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Roku Update Lets You Use Your Own Photos as a Screensaver

by on March 22, 2022
in News, Music and Video, Video Players & Recorders, TVs & Video Players, Blog :: 0 comments

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If you're a heavy Roku user like my family, you're probably very familiar with the screen saver that pops up when you haven't been watching for a bit. We use the movie-themed comic, which is actually pretty cool when you see it, giving you a chance to catch all the movie references, both popular and obscure. There are hundreds of screensavers to choose from, but after a few dozen times, the novelty wears off of any screensaver and we're left wanting something...different.

Now we're in luck. Today, Roku announced a new feature coming to Roku streaming media players, called Roku Photo Streams, that offers a simple way of using your own photos as the TV screensaver.

Roku Photo Streams feature on TV sitting on a gray background. You see a mountain landscape and menu items below: Slideshow, Favorite, Rotate, Flag, Delete.

Roku Photo Streams is a feature of Roku OS 11, which will be rolling out over the next weeks. To create a Stream, you upload photos by logging into your Roku account on Roku.com or using the Roku app. Photos are stored in Roku’s secure cloud service, and you’ll have a limit of 2GB of storage. 

In addition to using your Streams to view photos on your own TV, you can share your Streams with friends and family. As you change pictures in a shared Stream, the new images will automatically appear in the Stream on all the shared devices. In addition, anyone who shares the Stream can also upload photos so that you can collaborate on a shared album. Roku says you'll be able to invite others to a Stream by adding the email address that's associated with their Roku account.

At launch, the supported photo file formats will include JPEG, WEBP, PNG, and HEIC, and file size can be up to 20MB each. The pictures will display in their uploaded aspect ratio, so it's a good idea to crop them to look good on your TV screen (the default Photos app on your iPhone or Android phone has a crop tool that you can use to resize them using a wide 16:9 aspect ratio). You can create up to 10 photo streams with up to 100 photos per Stream, giving you plenty of options for mixing things up.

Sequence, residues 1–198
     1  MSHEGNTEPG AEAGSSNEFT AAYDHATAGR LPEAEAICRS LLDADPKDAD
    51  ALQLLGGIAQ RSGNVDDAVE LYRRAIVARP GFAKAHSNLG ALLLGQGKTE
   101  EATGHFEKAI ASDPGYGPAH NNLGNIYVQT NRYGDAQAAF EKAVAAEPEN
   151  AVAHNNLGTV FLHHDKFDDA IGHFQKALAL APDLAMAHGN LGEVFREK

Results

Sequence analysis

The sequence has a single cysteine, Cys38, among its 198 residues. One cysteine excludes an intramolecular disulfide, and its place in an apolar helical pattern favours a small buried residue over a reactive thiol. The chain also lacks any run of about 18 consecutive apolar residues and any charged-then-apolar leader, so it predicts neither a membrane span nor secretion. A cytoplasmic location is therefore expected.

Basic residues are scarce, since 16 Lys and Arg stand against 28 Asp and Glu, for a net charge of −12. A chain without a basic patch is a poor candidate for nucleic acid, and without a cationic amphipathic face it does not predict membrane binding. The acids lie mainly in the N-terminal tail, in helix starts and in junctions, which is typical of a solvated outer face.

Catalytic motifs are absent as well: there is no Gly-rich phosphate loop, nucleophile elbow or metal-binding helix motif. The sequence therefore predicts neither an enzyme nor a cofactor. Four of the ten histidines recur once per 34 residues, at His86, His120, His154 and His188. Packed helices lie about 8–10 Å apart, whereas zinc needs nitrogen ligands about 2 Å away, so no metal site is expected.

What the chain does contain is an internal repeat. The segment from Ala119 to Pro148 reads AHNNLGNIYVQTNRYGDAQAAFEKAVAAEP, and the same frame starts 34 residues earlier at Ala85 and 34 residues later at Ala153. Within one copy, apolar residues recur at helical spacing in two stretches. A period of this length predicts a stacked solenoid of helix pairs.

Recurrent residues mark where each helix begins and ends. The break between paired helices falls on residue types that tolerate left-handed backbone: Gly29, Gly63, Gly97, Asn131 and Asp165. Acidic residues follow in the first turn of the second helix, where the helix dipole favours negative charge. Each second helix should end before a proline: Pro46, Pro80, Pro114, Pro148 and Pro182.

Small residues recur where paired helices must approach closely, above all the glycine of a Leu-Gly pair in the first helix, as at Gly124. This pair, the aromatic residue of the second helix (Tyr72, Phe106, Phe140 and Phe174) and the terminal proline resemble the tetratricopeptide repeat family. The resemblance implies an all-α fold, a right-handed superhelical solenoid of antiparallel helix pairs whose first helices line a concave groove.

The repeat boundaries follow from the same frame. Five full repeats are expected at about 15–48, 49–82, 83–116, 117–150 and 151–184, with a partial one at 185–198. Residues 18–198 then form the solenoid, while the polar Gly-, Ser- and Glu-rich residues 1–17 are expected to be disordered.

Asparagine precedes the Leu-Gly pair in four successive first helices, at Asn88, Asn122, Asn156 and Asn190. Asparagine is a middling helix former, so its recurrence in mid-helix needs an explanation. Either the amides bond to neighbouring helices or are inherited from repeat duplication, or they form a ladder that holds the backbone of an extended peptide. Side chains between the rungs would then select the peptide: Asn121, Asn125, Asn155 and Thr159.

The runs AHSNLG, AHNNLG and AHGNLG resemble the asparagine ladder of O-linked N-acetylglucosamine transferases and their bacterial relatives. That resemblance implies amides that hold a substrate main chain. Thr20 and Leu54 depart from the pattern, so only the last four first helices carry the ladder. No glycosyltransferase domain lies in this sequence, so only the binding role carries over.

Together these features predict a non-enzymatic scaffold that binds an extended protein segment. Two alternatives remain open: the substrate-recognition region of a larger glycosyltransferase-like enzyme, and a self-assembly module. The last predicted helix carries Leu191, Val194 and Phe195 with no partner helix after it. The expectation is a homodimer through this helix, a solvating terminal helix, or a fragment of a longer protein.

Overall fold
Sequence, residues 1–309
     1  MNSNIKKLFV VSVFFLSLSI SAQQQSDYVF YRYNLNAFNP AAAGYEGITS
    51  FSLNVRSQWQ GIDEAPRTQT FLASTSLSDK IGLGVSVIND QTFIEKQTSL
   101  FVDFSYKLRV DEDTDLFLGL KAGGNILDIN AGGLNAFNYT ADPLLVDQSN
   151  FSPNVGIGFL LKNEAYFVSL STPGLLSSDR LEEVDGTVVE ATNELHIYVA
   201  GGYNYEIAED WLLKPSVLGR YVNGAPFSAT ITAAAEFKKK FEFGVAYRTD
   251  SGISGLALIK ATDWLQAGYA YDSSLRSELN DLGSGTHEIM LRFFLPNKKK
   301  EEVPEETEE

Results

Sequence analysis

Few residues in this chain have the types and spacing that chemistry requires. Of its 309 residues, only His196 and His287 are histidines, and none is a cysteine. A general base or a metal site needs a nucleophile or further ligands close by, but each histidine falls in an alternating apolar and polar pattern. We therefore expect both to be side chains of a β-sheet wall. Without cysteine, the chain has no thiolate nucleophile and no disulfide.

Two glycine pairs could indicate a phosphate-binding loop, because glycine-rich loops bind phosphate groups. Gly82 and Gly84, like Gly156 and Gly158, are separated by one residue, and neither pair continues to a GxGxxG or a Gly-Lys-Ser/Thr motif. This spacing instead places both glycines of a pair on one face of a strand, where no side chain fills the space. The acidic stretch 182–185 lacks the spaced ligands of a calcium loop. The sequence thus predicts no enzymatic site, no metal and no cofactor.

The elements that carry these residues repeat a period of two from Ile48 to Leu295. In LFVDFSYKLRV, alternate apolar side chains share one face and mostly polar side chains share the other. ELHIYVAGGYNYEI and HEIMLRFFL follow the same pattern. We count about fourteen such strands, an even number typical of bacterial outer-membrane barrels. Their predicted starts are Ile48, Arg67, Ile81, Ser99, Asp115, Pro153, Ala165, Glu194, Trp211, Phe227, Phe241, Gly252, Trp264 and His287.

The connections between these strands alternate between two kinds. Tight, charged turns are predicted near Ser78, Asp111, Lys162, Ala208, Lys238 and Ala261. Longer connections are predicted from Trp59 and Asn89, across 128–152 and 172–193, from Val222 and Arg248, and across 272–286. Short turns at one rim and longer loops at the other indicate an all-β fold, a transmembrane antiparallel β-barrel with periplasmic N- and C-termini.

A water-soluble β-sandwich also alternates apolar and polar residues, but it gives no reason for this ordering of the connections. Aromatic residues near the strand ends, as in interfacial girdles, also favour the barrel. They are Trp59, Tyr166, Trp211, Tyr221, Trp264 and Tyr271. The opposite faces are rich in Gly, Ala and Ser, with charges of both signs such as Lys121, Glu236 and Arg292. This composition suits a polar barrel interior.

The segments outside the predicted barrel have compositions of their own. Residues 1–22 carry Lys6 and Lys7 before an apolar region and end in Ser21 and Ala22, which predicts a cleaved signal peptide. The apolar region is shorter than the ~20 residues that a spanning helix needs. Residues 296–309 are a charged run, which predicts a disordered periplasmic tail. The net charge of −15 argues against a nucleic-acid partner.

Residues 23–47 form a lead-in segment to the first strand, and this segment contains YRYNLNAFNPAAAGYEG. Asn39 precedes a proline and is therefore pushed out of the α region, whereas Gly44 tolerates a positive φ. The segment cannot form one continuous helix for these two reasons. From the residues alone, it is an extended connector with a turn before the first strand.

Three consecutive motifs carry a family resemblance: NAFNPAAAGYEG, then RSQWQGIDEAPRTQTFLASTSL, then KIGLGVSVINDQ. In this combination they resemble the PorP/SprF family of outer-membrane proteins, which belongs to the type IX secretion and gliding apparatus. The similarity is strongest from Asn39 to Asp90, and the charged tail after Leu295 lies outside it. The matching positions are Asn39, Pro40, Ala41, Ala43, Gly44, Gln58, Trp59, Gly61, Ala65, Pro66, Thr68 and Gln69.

Roku OS 11 will be rolling out to Roku TVs, streaming players, and Streambars. However, not all versions of each player will be updatable to OS 11. Only the following models are supported: 9102X, 9101X, 9100X, 4802X, 4801X, 4800X, 4670X, 4662X, 4661X, 4660X, 4640X, 4630X, 4620X, 4400X, 4230X, 4210X, 4200X, 3941X, 3940X, 3931X, 3930X, 3921X, 3920X, 3910X, 3900X, 3821X, 3820X, 3811X, 3810X, 3800X, 3710X, 3700X, 3600X, 3500X, 2720X, 2710X, 2700X. To check your Roku device’s model number, press the “Home” button on your Roku remote, select Settings > System > About. 

Your Roku device will automatically check for the update to OS 11 (if you're not sure which OS version you're running, you can check using the same Roku “Home” button, Settings > System > About method as above). You can also manually check for updates by pressing the “Home” button on your Roku remote select Settings > System > System Update.

[Image credit: Roku]

For the past 20+ years, Techlicious founder Suzanne Kantra has been exploring and writing about the world’s most exciting and important science and technology issues. Prior to Techlicious, Suzanne was the Technology Editor for Martha Stewart Living Omnimedia and the Senior Technology Editor for Popular Science. Suzanne has been featured on CNN, CBS, and NBC.



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